Scouting the Huskies and Wildcats in key WCHA matchup

What happened last weekend?

Riding a four-game winning streak, the Michigan Tech Huskies appeared poised to continue that streak at home against the Alaska Nanooks. From the opening faceoff on Friday, however, it was the visitors who were the better team, as the Nanooks broke open a 1-1 game in the middle period with four goals to the Huskies’ one. They went on to win the first game 7-3. On Saturday, the Huskies started better, but one would not be able to tell by looking at the score sheet as the Nanooks scored the game’s first five goals before the Huskies got on the board. The road squad finished the game with a 7-2 victory.

The Northern Michigan Wildcats jumped out to a 2-0 lead just 8:34 into Friday night’s game. The lead was short-lived, however, as the Lake Superior State Lakers scored the next three goals to grab the lead. The Wildcats answered the third goal, but the Lakers outscored the hosts 2-1 over the game’s final 37:39 to grab a 5-3 win. On Saturday, the game was tied 1-1 in the second when Erik Higby struck twice to break the game open for the Wildcats, who went on to win, 5-1.

What the heck happened last weekend?

This is the question of the week after Huskies’ fans watched their team, which had come into the weekend having scored 24 goals in four games strike just five times in two games. More disconcerting was the fact that the team defense tied its season high in goals against, seven, in both games.

If there was a simple answer, head coach Mel Pearson and his staff would have had everything straightened out before Saturday night rolled around. On Friday night, the Nanooks appeared to be ready to push for the WCHA playoffs while the Huskies appeared to believe that they had already earned their spot.

“No question, you get fat,” said Pearson, when discussing the streak his team had been on. “You get fat and happy. I thought we played like we were fat and happy.”

Compounding the problem is the fact that the Huskies simply have not had a lot of experience playing in the position they were in this past weekend: the team expected to win.

“Let’s face it, we haven’t had many four-game winning streaks, probably since I’ve been here,” said Pearson. “You come off a game like Huntsville, as coaches you know what you are in for. Sometimes it is hard to translate that to the players.”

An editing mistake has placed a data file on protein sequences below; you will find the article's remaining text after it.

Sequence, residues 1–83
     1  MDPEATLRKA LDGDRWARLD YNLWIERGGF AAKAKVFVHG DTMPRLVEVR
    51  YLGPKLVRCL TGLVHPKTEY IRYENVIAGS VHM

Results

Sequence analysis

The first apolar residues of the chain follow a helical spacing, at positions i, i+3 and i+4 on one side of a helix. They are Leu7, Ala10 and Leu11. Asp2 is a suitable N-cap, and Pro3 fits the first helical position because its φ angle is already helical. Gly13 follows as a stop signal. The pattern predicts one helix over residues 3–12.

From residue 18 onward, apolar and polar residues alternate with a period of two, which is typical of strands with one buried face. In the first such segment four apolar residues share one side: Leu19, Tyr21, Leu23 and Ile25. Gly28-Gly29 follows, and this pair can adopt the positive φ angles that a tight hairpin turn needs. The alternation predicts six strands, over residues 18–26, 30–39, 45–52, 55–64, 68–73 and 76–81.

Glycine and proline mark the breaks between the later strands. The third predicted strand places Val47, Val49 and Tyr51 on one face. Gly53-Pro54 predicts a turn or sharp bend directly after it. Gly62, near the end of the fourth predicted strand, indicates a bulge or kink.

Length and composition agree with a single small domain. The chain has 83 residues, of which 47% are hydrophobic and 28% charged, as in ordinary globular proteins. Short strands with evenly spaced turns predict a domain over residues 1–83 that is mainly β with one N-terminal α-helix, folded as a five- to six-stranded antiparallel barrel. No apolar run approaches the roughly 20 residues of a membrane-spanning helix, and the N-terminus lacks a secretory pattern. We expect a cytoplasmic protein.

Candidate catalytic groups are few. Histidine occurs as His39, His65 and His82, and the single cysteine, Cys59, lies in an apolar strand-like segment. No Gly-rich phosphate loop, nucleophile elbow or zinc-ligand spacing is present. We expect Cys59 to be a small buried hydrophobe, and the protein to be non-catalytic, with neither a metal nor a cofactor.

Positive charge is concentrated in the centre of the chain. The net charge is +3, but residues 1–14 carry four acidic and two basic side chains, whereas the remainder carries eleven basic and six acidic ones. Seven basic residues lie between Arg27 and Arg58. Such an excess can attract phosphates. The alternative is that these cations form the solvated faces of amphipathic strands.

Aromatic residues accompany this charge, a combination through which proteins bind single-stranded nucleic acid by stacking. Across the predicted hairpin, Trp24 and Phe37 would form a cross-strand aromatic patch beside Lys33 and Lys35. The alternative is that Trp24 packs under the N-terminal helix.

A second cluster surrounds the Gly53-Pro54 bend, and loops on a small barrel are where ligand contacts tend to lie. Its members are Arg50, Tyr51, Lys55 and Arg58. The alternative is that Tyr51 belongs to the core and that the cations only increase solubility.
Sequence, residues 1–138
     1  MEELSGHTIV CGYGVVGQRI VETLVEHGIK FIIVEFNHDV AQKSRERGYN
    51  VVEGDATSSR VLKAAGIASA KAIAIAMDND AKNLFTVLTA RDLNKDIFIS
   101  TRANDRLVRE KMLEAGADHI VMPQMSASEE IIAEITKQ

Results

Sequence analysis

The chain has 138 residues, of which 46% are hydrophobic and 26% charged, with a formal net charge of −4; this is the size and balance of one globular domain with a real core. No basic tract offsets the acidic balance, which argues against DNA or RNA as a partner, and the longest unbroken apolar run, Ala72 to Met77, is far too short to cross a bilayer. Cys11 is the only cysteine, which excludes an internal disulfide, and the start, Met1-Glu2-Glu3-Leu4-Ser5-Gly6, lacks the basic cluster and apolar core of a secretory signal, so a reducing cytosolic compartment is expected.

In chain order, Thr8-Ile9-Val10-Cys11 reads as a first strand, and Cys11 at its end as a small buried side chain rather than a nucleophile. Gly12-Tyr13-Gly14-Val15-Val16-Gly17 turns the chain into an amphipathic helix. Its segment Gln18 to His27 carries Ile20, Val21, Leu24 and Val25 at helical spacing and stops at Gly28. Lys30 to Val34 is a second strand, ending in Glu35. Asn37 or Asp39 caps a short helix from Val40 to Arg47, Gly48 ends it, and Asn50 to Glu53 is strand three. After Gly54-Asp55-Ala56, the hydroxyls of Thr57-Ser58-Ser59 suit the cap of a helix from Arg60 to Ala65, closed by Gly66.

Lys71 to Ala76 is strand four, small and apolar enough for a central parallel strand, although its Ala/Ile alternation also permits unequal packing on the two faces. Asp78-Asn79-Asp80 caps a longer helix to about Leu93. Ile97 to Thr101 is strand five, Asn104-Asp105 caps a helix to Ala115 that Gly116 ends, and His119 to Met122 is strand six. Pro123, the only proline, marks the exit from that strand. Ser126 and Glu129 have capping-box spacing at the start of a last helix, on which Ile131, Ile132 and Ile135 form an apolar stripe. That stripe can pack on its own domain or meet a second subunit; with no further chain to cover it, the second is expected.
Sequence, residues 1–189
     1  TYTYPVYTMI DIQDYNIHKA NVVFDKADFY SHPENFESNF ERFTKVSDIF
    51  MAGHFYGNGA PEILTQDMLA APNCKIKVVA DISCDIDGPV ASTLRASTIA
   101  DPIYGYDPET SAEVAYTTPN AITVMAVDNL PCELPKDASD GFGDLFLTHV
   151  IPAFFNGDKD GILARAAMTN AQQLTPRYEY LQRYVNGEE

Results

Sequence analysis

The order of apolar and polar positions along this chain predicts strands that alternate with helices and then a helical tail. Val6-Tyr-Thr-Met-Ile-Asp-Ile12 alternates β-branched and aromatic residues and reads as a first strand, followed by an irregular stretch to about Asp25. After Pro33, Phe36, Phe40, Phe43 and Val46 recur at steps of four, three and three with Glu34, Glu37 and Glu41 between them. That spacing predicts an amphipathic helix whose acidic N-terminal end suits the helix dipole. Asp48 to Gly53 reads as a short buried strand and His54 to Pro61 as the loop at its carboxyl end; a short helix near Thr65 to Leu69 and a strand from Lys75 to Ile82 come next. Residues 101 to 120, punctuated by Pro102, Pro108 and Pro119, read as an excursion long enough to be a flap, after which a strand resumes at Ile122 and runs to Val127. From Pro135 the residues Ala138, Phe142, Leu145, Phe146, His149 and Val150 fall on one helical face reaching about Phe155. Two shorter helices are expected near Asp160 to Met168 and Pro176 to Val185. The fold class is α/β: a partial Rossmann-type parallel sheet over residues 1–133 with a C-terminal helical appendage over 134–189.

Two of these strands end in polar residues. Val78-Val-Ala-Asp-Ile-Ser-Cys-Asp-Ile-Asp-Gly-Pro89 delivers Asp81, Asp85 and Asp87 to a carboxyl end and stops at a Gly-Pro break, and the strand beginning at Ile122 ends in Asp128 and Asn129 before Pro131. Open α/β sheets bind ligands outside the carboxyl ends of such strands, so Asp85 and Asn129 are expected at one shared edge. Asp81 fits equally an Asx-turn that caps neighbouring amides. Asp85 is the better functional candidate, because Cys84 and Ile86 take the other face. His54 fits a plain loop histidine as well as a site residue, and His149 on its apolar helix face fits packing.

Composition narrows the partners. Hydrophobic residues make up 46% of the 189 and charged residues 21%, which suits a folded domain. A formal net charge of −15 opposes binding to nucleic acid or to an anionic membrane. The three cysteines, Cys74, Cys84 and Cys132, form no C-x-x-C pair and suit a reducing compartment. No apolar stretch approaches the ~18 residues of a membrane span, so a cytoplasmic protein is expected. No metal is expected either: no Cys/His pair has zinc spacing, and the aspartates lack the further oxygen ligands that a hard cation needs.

What is going on with the penalty kill?

As the Huskies’ power play has finally begun to get itself straightened out, the penalty kill has hit a snag. In the past three games, the PK, as it is often referred, has gone one-for-three, zero-for-two, and four-for-seven. Surrendering multiple goals to opposing power plays makes things very difficult moving forward for the Huskies.

On Friday night, things were especially taxing for the killers, as the Huskies surrendered goals on both Nanooks’ power plays, each in less than 30 seconds.

“I can’t tell you what the power play formation is,” said Pearson Friday night. “The first one is 13 seconds and the other one 18 seconds off the same type of situation.”

One of the most difficult things to quantify when discussing the penalty kill is how a team reacts to an opposing power play. Most power plays, the Huskies’ included, tend to involve little motion. Instead of cycling the puck and having all three forwards involved in the play, the puck is usually passed around the perimeter as the offense looks for holes in the defense.

The Nanooks employed a power play that both looked and felt different.

“I think it was just a combination of us being a little too aggressive and obviously they have some very good players,” said Pearson Saturday night. “I thought we were overaggressive and just really missing assignments. We just did not seem to recover.”

A deeper look at the Wildcats

After facing the Huskies back in October, the Wildcats moved themselves up the WCHA ladder thanks to some key victories over Alaska and Alabama-Huntsville. However, since Nov. 23, they have won just six times over their last 18 games. They now sit three points back of the Huskies in seventh in the WCHA with 21 points.

Senior Stephan Vigier leads the way with team-highs in goals (14), game-winning goals (4), power play goals (8), and points (24). Senior Erik Higby is the only other Wildcat in double digits in goals scored (10). Junior defenseman Mitch Jones has a team-high 17 assists and 20 points.

The Wildcats live and die by Mathias Dahlstrom in goal. The sophomore has a record of 11-14-2 record with a 2.58 goals against aver and three shutouts.

Friday night’s game will be at 7:07 p.m. at the MacInnes Student Ice Arena. Saturday’s game will also be at 7:07 p.m., but will take place at the Berry Events Center in Marquette.

 

Daver Karnosky

Daver has been around Michigan Tech hockey since his family moved to Houghton in 1983. A 2007 graduate of Michigan Tech who completed his Master's Degree in Rhetoric and Technical Communication in 2010, he has covered the Huskies as an arena reporter for USCHO.com for the last eight seasons. Daver has also covered Huskies' games for outlets such as the Daily Mining Gazette, Minneapolis Star Tribune, St. Cloud Times, and the Michigan Tech Lode.